From what I am reading, and pardon me if I wrongly assume, you are thinking of irrigation systems in a commercially available sense? At the risk of sounding flippant, a hose with holes poked in it is an irrigation system that works under 2psi. I think with the low pressure, you need to step back and think in terms of low tech solutions. Drip tape or other simple irrigation would work if you incorporated a solar powered solenoid or timer on the outflow of the pond. Set the timer and walk away. 2psi of water would be slow drip but water will always seek its own level. LLDPE tube can be had for about 6 cents a foot. You would have to establish your drip rate at the far end of the hose and reduce progressively the number of holes as you traveled back up the system to keep from drowning the near end and dehydrating the far end; but with a little empirical trails, one could get a very cheap irrigation system set up that is pure gravity flow. A very small solar panel system would provide more than enough current to open and closes a small valve. Also a little 30 gallon per minute solar 'pond pump' might be an option.
I am not a cattle breeder, yet; and don't have all the answers to your questions. However, here is my opinion. AI is expensive. It is usually justified when breeding for top genetics and travel to the bull with your cow is prohibitive. A bull is an expense to keep; but it is necessary for calf production. For a small number of cows to service, there are other options. You can make arrangements with a breeder near by to 'lease' a bull. Kinda like AI, but no labs or vets. Just have him do his job and go. You can purchase a bull then butcher a bit later, although taste might be a lower quality than a steer or heifer. Bulls might be had for the price of a steer, if you develop a rapport with a breeder and he understands you are not looking for confirmation or genetics, as you are raising beef for your table. All ideas to consider. Another thing to consider is 'sharing' a bull with a neighbor. Two or three cows is not much 'work' for a bull. If you had a neighbor or two, whom also wanted a Dexter Bull's service, split the price; and sell or butcher afterwards dividing the offset.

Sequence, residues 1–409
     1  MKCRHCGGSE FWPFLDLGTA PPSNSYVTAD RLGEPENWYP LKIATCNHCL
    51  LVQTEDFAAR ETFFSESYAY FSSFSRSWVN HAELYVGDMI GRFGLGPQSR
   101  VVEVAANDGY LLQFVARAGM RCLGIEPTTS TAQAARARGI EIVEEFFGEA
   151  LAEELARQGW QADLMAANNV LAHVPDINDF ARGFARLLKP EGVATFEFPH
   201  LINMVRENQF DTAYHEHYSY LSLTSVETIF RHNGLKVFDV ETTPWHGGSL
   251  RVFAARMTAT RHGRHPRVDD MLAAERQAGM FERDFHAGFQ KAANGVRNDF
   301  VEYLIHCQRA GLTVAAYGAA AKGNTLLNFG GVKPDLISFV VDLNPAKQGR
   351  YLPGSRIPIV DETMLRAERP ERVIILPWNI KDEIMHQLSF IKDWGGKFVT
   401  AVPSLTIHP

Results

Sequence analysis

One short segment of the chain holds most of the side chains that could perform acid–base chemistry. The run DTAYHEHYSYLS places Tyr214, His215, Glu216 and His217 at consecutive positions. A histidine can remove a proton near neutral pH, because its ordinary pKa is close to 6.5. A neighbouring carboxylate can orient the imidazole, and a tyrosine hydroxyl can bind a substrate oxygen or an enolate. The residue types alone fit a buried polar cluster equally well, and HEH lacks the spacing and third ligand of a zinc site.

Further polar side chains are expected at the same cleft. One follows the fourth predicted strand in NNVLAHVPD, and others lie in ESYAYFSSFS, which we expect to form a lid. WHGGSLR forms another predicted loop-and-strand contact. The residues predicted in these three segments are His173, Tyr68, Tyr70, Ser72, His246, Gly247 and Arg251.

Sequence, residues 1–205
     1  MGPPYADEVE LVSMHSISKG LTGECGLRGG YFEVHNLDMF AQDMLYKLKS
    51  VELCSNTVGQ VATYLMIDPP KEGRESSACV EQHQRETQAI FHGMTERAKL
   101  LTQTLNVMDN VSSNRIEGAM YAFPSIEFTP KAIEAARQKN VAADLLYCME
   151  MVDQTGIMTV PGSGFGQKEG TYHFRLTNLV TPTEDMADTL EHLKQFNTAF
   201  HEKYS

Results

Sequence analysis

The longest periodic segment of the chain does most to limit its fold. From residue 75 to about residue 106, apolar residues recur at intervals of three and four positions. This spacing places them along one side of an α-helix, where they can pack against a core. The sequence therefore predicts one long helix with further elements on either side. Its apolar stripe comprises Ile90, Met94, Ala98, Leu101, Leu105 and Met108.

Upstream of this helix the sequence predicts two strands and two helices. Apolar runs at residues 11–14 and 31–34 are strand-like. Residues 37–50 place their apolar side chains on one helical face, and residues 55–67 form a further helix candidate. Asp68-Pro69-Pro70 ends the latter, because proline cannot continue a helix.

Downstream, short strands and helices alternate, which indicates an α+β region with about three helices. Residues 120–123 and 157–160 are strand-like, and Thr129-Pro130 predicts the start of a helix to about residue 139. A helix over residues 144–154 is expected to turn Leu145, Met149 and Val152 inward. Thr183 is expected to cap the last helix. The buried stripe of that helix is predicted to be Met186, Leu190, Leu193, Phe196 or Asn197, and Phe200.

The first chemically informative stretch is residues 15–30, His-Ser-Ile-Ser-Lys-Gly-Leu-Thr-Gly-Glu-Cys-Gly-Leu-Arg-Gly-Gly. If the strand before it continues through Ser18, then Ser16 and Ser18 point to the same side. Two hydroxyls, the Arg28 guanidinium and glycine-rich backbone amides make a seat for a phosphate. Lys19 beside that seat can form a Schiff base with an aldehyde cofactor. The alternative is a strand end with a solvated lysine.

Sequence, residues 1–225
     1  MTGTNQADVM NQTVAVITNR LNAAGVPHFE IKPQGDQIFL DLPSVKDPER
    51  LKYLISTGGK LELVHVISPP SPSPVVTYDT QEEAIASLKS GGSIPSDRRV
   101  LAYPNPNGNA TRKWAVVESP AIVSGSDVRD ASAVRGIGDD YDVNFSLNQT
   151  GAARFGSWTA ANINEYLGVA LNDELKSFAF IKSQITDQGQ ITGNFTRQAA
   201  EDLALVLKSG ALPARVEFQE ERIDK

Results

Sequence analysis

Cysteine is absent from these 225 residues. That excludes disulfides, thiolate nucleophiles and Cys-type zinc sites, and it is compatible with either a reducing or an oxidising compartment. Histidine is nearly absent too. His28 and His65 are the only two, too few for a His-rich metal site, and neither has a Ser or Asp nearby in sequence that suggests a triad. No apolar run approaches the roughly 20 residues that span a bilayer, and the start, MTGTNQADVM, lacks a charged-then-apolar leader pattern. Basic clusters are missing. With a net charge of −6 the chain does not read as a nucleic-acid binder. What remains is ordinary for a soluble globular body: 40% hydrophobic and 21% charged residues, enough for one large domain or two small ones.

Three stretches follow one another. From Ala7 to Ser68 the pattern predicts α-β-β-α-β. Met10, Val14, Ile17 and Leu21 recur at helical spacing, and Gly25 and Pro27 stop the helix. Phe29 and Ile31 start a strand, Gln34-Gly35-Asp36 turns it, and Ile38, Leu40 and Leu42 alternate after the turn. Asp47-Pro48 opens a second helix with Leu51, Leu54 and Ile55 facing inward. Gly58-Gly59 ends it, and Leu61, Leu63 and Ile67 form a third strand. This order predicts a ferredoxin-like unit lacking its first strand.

I can speak for the project beyond their website is still up. If you are looking for a place, this is good land. I own about 2 acres a little south of Millican. Good soils, good rainfall, mild winters (even by Texas standards.) It would be worth exploring. What are you looking for in a property? (size, location, livestock, crops?)
I missed this when it was originally posted; but am curious myself. I am stacked up today with a project, but will ask around later in the week to see what can be learned.
I recall someone on here making an excellent point about nitrogen fixers here on permies a while back. They pointed out that EVERY tree can be a nitrogen fixer, if you allow beans to use the trunk and branches as a trellis. I thought that was an excellent 'outside the box' suggestion.
For a bush, look into Seaberry trees. I believe they do well in the north. What zone is Quebec? 4? I am not familiar with that end of the spectrum. Don't forget Black Locust trees and cut/pollard/trim them to the size you want; and let them copice.